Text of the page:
I first met Mark at the 2008 Association for Asian Studies (AAS) Annual Meeting in Atlanta. I gave a presentation about how the collectively written, highly edited Internet novel Densha otoko (Train Man), and its various visual adaptations, promoted a new kind of masculinity—the compassionate 'otaku' (avid fan, in this case, of video games, computer technologies, manga and anime)—in 2004 and 2005, a time of Internet growth and falling birthrates in Japan. After the panel, Mark approached me and asked on the spot if I wanted to attend the Japanese Transnational Fandoms and Female Consumers conference he was organising at the University of Wollongong that July. I immediately said yes. Little did I know that this conference would change the course of my career. There, I met scholars who became collaborators and friends, including Carolyn Brewer, Romit Dasgupta, Vera Mackie, Kazumi Nagaike and Christine Yano. Romit later introduced me to James Welker. At the closing party, Romit and I brainstormed conference panels on gender and Japan, and Christine and I discussed plans for a project that became, with Laura Miller, a co-edited volume on Modern Girls on the Go: Gender, Mobility, and Labor in Japan.[2] My 'Train Man' paper was published in a special issue of Intersections that Mark edited and became my first article on Japanese popular culture.[3] I later submitted a spinoff study on how nascent Internet and mobile media transformed notions of books, authors and readers to the Routledge Companion to Global Internet Histories, edited by Mark and Gerard Goggin.[4] Mark and my collaboration and friendship grew during subsequent conferences and urban hikes in cities spanning four continents. We hashed out ideas while t-shirt shopping in Tokyo. I was there when he bought that light-blue shirt with outlines of Mt. Fuji which he wore to conferences almost as much as he did his button-down with birds (Figures 1 and 2). I presented with Mark at eleven conferences and contributed to three of his edited books and journal issues. I hope Mark knew how grateful I was—and still am—that he lingered after that 2008 AAS panel.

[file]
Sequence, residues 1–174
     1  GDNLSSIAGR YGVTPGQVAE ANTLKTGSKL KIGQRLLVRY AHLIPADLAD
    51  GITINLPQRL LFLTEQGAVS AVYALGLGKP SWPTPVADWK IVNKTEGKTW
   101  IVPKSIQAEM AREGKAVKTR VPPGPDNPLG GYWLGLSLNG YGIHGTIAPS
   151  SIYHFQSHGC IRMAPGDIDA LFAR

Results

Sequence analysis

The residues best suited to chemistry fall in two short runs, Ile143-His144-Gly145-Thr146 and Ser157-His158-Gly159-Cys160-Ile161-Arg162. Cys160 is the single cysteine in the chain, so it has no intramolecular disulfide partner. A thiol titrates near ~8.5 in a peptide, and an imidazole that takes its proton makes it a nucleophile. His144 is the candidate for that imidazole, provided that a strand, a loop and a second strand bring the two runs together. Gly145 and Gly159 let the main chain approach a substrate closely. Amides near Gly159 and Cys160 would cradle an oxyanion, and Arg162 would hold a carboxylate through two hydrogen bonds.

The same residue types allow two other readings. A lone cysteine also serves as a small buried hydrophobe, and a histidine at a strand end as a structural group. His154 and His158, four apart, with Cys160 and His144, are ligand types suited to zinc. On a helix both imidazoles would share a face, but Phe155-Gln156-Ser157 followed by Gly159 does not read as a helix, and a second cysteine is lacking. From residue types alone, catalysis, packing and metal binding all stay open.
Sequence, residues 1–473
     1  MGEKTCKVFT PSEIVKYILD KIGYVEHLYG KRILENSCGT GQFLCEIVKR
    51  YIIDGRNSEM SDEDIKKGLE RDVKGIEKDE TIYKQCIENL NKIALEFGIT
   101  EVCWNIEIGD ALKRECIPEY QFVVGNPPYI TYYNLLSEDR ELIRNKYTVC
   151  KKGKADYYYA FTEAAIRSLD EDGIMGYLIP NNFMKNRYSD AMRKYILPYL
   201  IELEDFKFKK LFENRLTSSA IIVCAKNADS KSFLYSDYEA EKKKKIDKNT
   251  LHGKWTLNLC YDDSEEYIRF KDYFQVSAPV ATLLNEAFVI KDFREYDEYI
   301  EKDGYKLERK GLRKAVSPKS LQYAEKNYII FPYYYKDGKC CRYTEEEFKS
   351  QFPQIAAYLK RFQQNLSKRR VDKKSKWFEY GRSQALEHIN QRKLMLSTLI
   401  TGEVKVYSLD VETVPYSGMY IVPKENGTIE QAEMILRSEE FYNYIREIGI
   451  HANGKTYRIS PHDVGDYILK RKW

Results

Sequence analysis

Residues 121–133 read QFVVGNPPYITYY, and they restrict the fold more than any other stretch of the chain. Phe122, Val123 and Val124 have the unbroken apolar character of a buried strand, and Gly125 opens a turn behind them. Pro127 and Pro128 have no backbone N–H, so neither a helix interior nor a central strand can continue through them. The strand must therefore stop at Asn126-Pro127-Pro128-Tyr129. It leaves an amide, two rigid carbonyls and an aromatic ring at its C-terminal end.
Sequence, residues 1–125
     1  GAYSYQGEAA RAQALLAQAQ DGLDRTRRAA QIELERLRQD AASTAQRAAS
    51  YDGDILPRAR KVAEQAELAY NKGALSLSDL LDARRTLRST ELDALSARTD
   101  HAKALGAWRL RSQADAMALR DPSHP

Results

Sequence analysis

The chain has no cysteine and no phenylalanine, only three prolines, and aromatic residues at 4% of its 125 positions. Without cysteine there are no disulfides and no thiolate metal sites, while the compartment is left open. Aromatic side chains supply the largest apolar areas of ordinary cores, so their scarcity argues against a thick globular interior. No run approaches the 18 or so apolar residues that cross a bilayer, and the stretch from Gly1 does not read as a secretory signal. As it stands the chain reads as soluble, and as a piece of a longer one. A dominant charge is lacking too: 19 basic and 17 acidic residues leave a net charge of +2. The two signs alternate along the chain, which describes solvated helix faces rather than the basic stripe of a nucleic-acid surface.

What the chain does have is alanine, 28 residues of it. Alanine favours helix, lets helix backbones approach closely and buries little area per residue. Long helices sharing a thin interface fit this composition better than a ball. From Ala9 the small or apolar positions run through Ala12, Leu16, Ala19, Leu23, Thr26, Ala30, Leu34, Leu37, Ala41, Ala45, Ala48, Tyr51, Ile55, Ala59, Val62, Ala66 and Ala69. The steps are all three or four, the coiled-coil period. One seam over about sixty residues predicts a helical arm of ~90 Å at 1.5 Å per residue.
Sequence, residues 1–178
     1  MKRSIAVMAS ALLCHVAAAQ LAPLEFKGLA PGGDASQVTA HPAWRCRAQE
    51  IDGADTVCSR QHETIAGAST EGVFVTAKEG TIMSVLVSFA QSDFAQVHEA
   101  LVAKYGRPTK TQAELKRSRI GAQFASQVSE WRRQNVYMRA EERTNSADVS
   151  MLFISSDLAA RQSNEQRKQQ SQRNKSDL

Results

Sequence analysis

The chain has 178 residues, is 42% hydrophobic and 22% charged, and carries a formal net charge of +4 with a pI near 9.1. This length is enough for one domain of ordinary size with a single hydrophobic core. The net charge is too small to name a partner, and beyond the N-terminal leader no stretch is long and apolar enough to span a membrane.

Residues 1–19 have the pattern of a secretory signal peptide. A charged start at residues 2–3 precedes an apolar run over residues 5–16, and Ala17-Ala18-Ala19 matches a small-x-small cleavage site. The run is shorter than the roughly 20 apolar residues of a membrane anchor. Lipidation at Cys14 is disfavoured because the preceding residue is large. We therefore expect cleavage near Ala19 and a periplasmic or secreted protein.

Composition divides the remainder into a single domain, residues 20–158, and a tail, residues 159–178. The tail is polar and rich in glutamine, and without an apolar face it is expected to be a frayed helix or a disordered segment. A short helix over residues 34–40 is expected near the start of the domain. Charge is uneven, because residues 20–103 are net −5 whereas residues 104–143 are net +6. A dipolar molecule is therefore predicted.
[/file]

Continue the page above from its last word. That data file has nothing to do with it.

With Mark, one project led to another; intertwined timely themes, current events and historical forces; and encouraged collaborations between interdisciplinary scholars. Especially between around 2012 and 2019, Mark led a multifaceted investigation of how the growth of the Internet gave rise to fans and fan communities who created new patterns for globalising Japanese popular culture, and, whether intentionally or not, challenged both Japan's commercial practices and national branding efforts and their own local copyright laws and regulations over media content. Concurrently, he analysed how fans drove the need for Japanese popular culture courses at global universities, thereby changing educational curricula and disciplinary training. Mark's 2017 edited volume, The End of Cool Japan: Ethical, Legal, and Cultural Challenges to Japanese Popular Culture (hereafter, The End of Cool Japan) merged these trajectories. The book stemmed from 'legal and ethical issues raised by … research into Japanese popular culture due to some significant legislative and cultural differences between Australia and Japan.'[5]